What Mattea Roach, John Ralston Saul and More Say the Canadian Flag Means

“May the land over which this new flag flies remain united in freedom and justice; a land of decent God-fearing people; just and generous in all his dealings; sensitive, tolerant and compassionate towards all men. — Lester B. Pearson

The former Prime Minister of Canada certainly had high hopes for this country’s new sign, as it was officially adopted in 1965.

The red maple leaf and its white and red background was a marked departure for a nation seeking to emerge from the shadow of Great Britain and its Union Jack, including the Canadian Red Ensign. The symbol was controversial from its inception, with some balking at the idea of ​​a Canadian flag incorporating no British element.

Today, the controversy over Canada’s national identity continues for a variety of reasons that nonetheless relate to the themes of freedom, justice and equity that Pearson spoke of.

As the Star’s Steve McKinley writes, there is an uphill battle for the heart of this country, and the maple leaf is at the center of it.

The Star has asked a number of writers and prominent Canadians to put into words what they believe the flag symbolizes, at a time when this country is taking hesitant steps towards reconciliation, in the face of the kind of fierce polarization shown by « freedom convoys » and as nation-building myths are being thoroughly re-examined.

* There are, in the eyes of Haroon Siddiqui, many reasons to find hope in this great experience that is Canada. Read his point of view here.

* Recent Canadian « Jeopardy! » champion Mattea Roach takes a darker view, writing that the Canada we live in is a far cry from the mythical nation she was raised to believe in. His piece is here.

* For someone whose homeland is ravaged by war, writes Maria Reva, the flag of Canada evokes a culture and its subtle refusal to share a suffering that seems distant. This is his point of view.

*There was, in fact, a blank canvas quality to our flag that allowed it to hold a lot of things, writes John Ralston Saul. The truckers of the « freedom convoy » took advantage of this. His essay is here.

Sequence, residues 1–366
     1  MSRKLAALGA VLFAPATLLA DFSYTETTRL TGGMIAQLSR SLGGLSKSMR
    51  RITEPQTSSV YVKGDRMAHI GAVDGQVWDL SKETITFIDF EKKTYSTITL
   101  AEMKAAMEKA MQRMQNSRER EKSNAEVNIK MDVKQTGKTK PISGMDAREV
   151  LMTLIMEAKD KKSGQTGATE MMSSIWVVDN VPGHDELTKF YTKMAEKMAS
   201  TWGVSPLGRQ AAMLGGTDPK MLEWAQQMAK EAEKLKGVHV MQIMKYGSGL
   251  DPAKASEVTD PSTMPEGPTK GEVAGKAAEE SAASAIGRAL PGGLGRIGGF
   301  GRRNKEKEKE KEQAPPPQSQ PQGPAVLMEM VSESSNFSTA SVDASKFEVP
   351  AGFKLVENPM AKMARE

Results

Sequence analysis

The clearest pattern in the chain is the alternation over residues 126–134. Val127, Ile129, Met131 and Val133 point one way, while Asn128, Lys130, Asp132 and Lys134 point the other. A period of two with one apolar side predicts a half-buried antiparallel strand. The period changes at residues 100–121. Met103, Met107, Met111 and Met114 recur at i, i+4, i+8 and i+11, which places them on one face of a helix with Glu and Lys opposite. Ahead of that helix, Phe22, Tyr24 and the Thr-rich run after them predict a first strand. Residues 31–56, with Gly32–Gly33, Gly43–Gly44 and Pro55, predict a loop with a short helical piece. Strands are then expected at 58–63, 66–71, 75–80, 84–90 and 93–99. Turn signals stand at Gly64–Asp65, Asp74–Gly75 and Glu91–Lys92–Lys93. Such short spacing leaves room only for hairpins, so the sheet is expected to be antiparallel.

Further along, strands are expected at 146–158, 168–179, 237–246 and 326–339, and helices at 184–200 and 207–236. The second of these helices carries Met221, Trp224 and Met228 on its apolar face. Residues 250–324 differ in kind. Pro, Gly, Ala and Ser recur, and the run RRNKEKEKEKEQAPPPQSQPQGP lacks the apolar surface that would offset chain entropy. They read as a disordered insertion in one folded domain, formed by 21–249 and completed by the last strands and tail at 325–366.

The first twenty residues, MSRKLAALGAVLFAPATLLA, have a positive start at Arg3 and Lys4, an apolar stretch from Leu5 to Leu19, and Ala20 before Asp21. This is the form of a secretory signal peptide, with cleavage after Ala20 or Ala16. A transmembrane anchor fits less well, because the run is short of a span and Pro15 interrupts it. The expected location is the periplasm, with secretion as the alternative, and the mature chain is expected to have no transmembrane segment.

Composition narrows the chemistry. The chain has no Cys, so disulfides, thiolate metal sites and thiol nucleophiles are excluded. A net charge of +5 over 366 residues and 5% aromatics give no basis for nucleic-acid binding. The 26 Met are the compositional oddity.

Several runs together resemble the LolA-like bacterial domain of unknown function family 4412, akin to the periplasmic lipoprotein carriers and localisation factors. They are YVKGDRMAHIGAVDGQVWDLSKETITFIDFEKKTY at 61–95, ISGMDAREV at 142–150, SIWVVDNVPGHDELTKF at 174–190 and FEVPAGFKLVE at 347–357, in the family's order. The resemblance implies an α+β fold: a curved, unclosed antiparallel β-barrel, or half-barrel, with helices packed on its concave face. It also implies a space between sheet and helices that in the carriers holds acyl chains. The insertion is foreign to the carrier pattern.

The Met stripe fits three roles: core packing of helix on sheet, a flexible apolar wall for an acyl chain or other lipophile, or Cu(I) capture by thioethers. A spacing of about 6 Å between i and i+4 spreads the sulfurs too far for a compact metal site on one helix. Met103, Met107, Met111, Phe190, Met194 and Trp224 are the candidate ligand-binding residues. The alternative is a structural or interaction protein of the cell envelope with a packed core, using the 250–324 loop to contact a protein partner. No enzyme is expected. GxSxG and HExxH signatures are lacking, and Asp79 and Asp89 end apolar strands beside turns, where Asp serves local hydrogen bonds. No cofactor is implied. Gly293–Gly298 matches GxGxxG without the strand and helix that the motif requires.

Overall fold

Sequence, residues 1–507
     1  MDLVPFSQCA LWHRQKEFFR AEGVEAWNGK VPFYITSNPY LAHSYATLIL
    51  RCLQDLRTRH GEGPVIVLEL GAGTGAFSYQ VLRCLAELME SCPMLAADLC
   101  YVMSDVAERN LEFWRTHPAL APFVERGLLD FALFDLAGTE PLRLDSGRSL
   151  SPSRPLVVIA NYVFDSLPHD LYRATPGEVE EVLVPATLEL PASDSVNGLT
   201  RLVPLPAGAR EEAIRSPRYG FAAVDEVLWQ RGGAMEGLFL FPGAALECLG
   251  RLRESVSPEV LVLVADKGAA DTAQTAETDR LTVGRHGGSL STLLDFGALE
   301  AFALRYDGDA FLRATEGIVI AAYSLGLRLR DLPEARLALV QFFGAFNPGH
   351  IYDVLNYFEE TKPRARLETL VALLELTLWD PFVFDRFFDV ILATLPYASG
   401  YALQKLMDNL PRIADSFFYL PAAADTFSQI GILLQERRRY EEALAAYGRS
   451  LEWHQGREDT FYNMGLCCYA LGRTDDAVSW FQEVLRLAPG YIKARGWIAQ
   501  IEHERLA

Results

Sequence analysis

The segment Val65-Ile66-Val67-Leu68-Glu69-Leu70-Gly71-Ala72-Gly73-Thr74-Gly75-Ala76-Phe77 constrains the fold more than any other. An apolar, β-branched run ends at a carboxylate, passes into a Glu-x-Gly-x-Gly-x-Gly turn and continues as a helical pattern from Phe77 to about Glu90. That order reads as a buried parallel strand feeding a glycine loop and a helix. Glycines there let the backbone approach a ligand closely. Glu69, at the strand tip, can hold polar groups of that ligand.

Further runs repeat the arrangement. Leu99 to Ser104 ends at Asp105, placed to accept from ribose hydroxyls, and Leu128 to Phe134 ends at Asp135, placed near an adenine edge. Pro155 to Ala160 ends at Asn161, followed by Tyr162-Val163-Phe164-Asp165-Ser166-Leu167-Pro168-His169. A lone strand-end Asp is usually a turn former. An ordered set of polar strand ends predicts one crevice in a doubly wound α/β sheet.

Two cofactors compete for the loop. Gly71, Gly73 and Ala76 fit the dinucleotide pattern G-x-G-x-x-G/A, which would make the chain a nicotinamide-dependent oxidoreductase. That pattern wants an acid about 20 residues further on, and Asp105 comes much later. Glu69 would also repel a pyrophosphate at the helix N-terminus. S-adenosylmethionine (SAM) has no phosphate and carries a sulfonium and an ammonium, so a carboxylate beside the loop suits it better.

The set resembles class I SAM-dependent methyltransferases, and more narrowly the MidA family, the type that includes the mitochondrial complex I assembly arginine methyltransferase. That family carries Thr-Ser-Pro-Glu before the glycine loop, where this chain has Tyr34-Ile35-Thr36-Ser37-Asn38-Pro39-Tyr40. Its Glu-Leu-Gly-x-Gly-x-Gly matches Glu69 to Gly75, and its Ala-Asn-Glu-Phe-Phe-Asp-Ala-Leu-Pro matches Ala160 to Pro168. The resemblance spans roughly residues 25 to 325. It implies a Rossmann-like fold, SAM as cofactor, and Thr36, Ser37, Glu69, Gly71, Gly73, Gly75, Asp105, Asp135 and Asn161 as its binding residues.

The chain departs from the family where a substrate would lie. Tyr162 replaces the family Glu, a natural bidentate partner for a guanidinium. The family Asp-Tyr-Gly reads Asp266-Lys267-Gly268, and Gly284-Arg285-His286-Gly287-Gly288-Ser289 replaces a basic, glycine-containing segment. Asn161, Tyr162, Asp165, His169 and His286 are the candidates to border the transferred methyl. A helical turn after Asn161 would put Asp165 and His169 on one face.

* But while these truckers may wrap themselves in the Canadian flag, writes author Stephen March, their rage does not entitle them to our country’s symbol. Here is his assessment.

* In the mind of George Elliott Clarke, the dark history of the Canadian state—some of which is only revealed today—reminds us that nationalist icons like the flag don’t move many of us. These are his thoughts.

*Kimberly Murray, Special Contact for Residential School Graves, says the flag represents an opportunity for her to face Canada’s past, including grim discoveries, and make meaningful change. Read his point of view here.

* How do you reconcile the hatred that flowed beneath that maple leaf with the inspiring Indigenous and non-Indigenous peoples who shaped this country, is a question explored by Poet Laureate Albert Dumont. His poignant take is here.

*As a child of immigrants, you grow up with the Canadian myth that your parents believe, or choose to believe, writes author Junie Désil, before discovering the truth for yourself. She details her experience here.


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